Creative Reaction Lab is a non-profit social enterprise committed to fighting racism by design with design. Creative Reaction Lab takes a two-pronged approach to this: (1) educating and deploying Black and Latinx youth leadership to design new ways to disrupt and dismantle racial inequities, and (2) training adult allies in implementing a design framework called Equity-Centered Community Design.
During my role as Creative Reaction Lab’s Learning and Education Manager, I led the design and implementation of the organization’s first ever Community Design Apprenticeship Program, which aims to support and train college-age Black and Latinx youth to work on design approaches to addressing specific social challenges impacting their local communities.
The first iteration of the Community Design Apprenticeship Program focused on examining the impact of public transit on residents of Kingshighway, a historically disinvested, majority African American community in North St. Louis. This was part of a larger multi-stakeholder initiative to understand how a new light rail system would impact the St. Louis region, and was part of efforts to advocate for racially equitable decision-making for transit access.
I worked with Creative Reaction Lab team members to co-design a ten-week, six-session program rooted in Equity-Centered Community Design. During program workshops, Apprentices examined the history of Kingshighway, with particular attention to racism and segregation, identified power dynamics impacting the design challenge, examined how their own identities and relationships to power impact their roles as community designers, and sought input and feedback about public transit use and access from community residents.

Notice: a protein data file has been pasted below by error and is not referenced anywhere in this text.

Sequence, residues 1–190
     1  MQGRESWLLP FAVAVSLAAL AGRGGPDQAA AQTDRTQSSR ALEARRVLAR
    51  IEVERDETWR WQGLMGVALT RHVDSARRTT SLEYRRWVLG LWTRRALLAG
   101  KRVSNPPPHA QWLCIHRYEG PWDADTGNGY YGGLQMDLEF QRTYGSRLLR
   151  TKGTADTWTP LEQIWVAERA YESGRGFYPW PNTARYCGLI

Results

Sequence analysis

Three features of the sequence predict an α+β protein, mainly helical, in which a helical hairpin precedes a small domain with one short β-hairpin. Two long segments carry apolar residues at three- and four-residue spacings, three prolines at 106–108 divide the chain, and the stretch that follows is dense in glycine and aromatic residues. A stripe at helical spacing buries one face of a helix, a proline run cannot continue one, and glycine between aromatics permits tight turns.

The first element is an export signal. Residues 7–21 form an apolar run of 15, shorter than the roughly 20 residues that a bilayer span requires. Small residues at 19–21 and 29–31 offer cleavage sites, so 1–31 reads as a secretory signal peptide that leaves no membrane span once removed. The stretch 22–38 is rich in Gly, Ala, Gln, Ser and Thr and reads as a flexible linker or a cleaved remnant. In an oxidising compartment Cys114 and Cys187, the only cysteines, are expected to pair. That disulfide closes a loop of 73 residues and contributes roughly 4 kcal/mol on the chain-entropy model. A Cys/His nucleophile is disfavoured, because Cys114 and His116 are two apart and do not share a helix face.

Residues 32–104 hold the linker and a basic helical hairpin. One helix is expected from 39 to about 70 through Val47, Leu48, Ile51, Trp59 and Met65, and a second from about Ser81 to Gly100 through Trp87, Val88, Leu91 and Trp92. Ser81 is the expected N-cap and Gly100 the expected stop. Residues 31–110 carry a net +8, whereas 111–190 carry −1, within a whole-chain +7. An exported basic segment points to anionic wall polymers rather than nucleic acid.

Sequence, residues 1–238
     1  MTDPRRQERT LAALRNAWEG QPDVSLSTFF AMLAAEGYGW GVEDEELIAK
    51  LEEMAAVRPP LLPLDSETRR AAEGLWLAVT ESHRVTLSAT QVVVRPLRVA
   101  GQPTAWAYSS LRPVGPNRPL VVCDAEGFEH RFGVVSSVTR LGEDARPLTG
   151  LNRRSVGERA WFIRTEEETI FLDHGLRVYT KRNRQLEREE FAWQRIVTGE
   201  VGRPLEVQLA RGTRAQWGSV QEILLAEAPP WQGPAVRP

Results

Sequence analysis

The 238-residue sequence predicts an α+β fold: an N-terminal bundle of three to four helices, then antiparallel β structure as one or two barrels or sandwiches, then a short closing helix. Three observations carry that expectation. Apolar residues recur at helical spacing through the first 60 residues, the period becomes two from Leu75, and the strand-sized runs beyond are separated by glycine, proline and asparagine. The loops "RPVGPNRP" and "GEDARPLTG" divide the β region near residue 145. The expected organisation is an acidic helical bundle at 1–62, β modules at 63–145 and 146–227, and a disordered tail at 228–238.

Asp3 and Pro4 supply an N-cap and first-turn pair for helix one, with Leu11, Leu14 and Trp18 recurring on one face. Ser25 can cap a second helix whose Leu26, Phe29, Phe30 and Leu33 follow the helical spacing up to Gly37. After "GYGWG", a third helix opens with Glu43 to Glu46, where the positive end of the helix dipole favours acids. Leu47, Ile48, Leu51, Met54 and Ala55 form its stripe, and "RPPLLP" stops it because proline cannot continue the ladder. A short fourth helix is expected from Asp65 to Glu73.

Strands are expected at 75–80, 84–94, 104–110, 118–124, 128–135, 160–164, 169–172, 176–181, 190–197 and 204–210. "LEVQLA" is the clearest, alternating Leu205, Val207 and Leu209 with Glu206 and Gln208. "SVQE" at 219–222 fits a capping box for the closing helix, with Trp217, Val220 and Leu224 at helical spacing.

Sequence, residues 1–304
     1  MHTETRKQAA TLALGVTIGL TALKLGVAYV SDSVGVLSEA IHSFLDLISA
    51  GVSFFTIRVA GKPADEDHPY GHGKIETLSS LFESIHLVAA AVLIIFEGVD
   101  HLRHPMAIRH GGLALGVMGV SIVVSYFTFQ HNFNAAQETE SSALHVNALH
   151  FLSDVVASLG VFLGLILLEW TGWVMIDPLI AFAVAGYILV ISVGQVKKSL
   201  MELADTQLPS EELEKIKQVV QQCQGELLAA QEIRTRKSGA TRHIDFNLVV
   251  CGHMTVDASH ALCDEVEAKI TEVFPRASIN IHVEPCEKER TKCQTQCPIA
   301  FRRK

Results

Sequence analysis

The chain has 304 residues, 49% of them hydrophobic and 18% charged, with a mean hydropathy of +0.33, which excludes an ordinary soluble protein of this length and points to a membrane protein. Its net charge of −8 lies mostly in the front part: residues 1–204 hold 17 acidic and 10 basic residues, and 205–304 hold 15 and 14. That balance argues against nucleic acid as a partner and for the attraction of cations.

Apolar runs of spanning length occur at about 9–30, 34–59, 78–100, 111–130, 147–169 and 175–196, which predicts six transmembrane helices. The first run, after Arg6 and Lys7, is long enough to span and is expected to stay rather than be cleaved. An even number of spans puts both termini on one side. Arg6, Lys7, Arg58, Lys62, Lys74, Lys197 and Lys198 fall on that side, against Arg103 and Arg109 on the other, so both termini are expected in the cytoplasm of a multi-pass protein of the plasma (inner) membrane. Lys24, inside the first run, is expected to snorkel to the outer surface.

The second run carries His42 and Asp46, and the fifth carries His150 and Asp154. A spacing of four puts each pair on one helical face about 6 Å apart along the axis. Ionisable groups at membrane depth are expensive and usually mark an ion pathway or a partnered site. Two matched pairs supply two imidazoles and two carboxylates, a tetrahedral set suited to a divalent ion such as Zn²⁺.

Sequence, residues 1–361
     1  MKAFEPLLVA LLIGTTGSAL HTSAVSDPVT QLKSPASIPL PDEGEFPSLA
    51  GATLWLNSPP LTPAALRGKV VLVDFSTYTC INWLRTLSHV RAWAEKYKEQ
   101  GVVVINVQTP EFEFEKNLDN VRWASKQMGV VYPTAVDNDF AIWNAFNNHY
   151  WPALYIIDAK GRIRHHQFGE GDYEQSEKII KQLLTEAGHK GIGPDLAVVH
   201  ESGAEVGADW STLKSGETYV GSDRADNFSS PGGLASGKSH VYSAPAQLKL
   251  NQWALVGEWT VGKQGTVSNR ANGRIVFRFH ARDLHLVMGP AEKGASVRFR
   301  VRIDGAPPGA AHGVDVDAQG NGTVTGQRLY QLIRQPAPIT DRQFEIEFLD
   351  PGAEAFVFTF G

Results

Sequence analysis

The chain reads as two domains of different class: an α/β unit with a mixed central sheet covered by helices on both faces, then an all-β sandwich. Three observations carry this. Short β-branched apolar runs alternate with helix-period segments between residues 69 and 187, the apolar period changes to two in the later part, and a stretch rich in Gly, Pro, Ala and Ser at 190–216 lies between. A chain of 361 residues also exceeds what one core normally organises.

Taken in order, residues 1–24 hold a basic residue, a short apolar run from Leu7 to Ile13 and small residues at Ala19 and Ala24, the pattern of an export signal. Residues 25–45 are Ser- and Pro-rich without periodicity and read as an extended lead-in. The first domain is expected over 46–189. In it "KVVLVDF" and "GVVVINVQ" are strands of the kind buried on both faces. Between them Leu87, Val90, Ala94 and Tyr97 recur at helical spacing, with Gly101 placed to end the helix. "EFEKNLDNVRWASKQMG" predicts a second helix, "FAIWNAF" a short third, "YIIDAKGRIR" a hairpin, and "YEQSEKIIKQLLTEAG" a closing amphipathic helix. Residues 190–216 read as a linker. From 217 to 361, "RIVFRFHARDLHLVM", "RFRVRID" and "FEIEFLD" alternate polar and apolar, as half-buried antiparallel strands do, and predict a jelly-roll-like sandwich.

In culmination of the program, Apprentices ideated and prototyped a pop-up community event at a core community center to generate awareness about the proposed light rail expansion into the local community, and to gather resident input on the hopes and concerns they hold about public transit access.
Apprentices collected input from over 30 community residents, which was then shared with key decision-makers within the light rail planning process. The Apprentices’ efforts elevated awareness of some of residents’ key concerns about the transit expansion, including safety, traffic, and gentrification. While residents expressed the importance of access to public transit, they simultaneously shared the importance of ensuring that public transit offers riders secure and reliable experiences across destinations.
Moreover, the project highlighted the ongoing need for community-based design and decision-making. Throughout the process, community residents expressed a lack of awareness about the transit expansion plans, which confirmed the disconnect in government and corporate stakeholders’ efforts to genuinely hear residents’ perspectives. There is an ongoing need for similar approaches -- where community members, especially youth, are involved and included in civic decision-making processes that impact quality of life of residents -- and hopefully, the Community Design Apprenticeship Program can serve as one such approach.